Navinder Sarao was sentenced to one-year home confinement in connection with his guilty plea to criminal charges previously brought against him by the Department of Justice for allegedly engaging in manipulative conduct through spoofing-type activity involving E-mini S&P futures contracts traded on the Chicago Mercantile Exchange between April 2010 and April 2015, including illicit trading that purportedly contributed to the May 6, 2010, “Flash Crash.” (Click here for background in the article “Alleged Flash Crash Spoofer Pleads Guilty to Criminal Charges and Agrees to Resolve CFTC Civil Complaint by Paying Over $38.6 Million in Penalties” in the November 13, 2016 edition of Bridging the Week.)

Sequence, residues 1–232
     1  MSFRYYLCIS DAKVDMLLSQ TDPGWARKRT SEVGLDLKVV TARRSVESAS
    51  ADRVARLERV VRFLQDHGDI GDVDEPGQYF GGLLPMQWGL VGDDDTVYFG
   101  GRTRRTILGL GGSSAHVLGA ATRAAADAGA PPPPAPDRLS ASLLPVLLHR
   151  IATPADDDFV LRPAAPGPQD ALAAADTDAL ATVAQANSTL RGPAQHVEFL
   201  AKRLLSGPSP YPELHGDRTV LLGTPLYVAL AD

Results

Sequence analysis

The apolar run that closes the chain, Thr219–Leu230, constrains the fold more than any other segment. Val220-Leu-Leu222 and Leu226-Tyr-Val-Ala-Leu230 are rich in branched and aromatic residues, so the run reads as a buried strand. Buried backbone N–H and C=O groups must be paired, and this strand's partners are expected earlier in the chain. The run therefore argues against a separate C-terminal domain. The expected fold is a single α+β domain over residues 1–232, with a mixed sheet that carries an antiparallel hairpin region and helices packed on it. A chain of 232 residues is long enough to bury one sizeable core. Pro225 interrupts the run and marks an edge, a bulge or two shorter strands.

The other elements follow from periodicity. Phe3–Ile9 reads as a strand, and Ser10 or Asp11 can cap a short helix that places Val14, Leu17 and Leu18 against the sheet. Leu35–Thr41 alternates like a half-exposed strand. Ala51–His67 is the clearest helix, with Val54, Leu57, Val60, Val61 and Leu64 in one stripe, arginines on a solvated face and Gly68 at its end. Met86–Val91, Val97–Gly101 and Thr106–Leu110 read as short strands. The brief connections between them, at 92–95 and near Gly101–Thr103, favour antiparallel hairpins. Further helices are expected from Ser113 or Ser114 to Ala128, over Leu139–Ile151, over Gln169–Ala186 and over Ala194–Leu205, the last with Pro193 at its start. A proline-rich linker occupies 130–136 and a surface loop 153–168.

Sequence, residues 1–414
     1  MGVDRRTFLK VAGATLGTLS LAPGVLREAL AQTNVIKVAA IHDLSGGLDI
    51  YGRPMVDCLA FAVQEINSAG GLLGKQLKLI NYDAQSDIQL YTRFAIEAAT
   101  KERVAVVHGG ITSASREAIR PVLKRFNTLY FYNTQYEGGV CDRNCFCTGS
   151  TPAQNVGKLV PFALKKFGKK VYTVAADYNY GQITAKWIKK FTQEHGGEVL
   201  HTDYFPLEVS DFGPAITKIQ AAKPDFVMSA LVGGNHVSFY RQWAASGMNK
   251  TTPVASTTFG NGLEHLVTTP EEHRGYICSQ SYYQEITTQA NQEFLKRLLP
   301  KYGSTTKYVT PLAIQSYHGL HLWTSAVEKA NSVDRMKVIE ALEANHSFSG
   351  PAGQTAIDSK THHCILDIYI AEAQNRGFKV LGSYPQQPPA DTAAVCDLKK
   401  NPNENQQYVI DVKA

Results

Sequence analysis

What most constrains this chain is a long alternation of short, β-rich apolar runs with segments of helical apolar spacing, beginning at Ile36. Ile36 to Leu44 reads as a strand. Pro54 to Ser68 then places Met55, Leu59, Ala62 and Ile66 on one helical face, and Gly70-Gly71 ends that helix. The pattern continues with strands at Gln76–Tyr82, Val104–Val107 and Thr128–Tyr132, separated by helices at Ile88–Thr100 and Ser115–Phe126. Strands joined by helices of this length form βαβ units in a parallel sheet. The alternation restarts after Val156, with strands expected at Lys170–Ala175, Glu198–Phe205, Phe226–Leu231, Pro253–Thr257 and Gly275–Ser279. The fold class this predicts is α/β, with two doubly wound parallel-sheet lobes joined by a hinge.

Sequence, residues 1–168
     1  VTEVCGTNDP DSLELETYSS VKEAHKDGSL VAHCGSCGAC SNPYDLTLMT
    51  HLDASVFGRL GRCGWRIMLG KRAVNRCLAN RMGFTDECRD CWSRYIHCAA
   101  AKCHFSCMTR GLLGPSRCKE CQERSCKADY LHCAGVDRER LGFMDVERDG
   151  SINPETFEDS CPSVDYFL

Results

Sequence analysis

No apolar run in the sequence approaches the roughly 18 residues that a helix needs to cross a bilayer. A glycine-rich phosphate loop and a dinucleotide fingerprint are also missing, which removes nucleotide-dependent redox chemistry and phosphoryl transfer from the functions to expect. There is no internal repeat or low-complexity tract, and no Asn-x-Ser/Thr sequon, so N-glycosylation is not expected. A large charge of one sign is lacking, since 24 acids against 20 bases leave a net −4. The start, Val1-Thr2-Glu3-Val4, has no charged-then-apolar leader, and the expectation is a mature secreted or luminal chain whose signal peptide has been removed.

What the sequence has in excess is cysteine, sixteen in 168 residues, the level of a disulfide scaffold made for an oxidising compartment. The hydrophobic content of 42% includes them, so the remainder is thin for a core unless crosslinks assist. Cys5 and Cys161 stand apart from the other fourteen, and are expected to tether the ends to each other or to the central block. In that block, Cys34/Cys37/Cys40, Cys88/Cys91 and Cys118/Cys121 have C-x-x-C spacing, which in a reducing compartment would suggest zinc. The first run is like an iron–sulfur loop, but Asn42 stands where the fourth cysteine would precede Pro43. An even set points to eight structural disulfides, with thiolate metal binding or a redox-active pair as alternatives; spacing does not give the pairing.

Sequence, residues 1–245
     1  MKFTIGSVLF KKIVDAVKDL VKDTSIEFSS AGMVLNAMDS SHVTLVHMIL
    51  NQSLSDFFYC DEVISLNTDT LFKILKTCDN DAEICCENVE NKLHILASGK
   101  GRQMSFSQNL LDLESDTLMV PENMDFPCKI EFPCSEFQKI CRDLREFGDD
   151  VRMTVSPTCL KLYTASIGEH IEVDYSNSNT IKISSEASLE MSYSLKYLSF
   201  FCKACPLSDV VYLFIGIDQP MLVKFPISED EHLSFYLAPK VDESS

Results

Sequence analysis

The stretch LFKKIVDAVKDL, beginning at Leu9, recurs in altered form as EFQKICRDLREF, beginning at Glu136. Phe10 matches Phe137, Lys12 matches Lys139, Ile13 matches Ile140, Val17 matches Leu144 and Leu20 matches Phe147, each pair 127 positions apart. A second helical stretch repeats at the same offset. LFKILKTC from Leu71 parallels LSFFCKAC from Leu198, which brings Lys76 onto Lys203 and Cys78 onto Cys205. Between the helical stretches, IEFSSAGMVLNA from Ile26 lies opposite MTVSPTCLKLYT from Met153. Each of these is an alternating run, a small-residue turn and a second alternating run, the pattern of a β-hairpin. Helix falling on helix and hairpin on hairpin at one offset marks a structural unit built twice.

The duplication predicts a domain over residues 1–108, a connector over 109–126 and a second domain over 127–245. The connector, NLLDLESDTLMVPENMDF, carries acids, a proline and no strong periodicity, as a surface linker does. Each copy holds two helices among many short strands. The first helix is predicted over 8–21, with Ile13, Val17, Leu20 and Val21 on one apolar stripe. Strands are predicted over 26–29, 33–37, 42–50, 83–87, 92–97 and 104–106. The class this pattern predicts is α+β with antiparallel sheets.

Both defendant’s counsel’s and the DOJ’s recommendation that Mr. Sarao solely be sentenced to time previously served was rejected by the presiding federal court judge, the Hon. Virginia Kendall. Defendant’s counsel had recommended such sentence based on his observations regarding Mr. Sarao’s autism. According to papers he submitted, Mr. Sarao knew that spoofing was wrong, but he was obsessed by spotting spoofing occurring constantly at the CME. When he believed the exchange failed to take action, despite him complaining “over and over …for months,” Mr. Sarao “began to do what he complained about.” Mr. Sarao’s counsel said that the defendant essentially saw trading on CME as a video game and has fully cooperated with the DOJ to explain markets and how his former “opponents” are allegedly cheating on them.